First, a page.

Understanding the difference between blown arc and blown ion plasma systems

Air plasma surface treating systems are divided into two categories; blown arc and blown ion.

Enercon's blown arc technology is represented by the Dyne-A-Mite HP™. Air plasma is formed by blowing atmospheric air past two high-voltage powered electrodes and is sometimes referred to as corona treatment.

The electrical discharge positively charges the ion particles surrounding it. Through direct contact, these particles positively charge the treated area of the object's surface. This makes the surface more receptive to any applied substance such as inks.

The Dyne-A-Mite IT™ is Enercon's blown ion surface treater. This system pushes pressurized air past a single electrode which discharges inside the treater head. The electrode energizes electrons which, through bombardment, create positively charged ions within the discharge chamber. The air pressure forces the ions to accelerate and stream out of the tip of the head at high velocity toward the substrate surface. Again, through direct contact, these ions positively charge the object's surface, increasing its surface energy and making it more receptive to inks and coatings.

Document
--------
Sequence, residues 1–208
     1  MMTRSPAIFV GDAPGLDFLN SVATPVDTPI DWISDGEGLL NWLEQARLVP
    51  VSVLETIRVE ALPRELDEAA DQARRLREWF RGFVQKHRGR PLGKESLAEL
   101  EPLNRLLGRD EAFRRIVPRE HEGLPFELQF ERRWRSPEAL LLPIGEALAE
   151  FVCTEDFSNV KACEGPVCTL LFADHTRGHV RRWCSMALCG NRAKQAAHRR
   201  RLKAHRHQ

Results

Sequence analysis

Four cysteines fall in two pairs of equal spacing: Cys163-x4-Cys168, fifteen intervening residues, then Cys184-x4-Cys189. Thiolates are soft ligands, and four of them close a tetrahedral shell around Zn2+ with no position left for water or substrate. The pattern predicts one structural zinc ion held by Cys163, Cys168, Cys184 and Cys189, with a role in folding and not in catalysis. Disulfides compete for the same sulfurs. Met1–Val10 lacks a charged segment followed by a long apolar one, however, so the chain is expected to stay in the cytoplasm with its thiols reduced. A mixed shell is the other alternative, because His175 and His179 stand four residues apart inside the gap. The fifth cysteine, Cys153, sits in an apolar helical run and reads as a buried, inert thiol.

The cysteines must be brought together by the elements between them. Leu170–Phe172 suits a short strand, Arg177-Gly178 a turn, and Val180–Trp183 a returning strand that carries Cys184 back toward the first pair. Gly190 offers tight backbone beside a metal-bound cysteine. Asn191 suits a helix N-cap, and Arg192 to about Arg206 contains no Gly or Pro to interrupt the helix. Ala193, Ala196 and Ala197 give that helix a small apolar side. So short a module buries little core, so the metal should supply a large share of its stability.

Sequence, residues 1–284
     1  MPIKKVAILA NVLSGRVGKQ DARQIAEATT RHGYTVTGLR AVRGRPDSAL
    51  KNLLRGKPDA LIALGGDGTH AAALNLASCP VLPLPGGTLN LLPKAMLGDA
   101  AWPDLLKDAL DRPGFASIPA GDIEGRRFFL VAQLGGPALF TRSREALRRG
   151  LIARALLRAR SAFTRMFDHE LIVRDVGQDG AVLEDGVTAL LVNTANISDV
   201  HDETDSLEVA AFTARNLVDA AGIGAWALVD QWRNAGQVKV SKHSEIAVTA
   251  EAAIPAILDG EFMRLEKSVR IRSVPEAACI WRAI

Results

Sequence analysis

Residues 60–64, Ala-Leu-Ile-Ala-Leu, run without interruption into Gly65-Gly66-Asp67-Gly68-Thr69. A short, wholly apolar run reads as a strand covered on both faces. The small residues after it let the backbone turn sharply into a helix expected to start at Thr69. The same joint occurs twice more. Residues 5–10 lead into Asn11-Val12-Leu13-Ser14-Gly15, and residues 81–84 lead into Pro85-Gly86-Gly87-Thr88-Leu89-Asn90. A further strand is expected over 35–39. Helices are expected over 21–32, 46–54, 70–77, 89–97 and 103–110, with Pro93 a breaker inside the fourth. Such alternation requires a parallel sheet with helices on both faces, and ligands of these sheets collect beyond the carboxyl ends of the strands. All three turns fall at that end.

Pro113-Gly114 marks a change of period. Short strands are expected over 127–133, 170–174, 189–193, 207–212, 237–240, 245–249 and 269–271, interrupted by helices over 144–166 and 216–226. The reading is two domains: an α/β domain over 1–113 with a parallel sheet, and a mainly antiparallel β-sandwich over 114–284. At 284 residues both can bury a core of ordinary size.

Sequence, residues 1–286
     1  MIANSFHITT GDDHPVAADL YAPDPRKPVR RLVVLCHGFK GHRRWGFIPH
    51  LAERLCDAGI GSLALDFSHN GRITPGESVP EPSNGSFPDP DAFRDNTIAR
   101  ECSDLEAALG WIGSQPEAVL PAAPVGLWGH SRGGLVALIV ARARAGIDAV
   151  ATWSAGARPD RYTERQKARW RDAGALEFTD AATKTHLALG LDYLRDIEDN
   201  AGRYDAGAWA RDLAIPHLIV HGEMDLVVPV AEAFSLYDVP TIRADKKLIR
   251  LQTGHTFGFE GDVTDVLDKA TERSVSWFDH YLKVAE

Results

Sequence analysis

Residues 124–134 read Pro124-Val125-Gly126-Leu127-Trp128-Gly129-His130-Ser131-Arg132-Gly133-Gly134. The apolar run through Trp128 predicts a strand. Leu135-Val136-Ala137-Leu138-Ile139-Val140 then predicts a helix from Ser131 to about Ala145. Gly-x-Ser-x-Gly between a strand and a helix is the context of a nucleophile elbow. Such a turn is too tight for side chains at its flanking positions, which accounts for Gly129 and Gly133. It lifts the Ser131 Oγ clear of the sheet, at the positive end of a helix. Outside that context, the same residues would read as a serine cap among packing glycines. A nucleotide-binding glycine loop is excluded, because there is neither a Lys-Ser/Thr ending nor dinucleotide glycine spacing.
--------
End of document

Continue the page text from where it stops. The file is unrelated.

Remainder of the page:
Because the discharge occurs inside the treater head the Dyne-A-Mite IT™ can treat both conductive and non-conductive systems.

The narrow focus of the system also makes it ideal for treating grooves and crevices. Enercon's Dyne-A-Mite™ is available with an optional PlasmaAmplifier™ which concentrates treatment for similar applications.

Blown arc surface treaters effectively treat over a wide surface area as shown above. Blown ion systems can treat both conductive and non-conductive materials.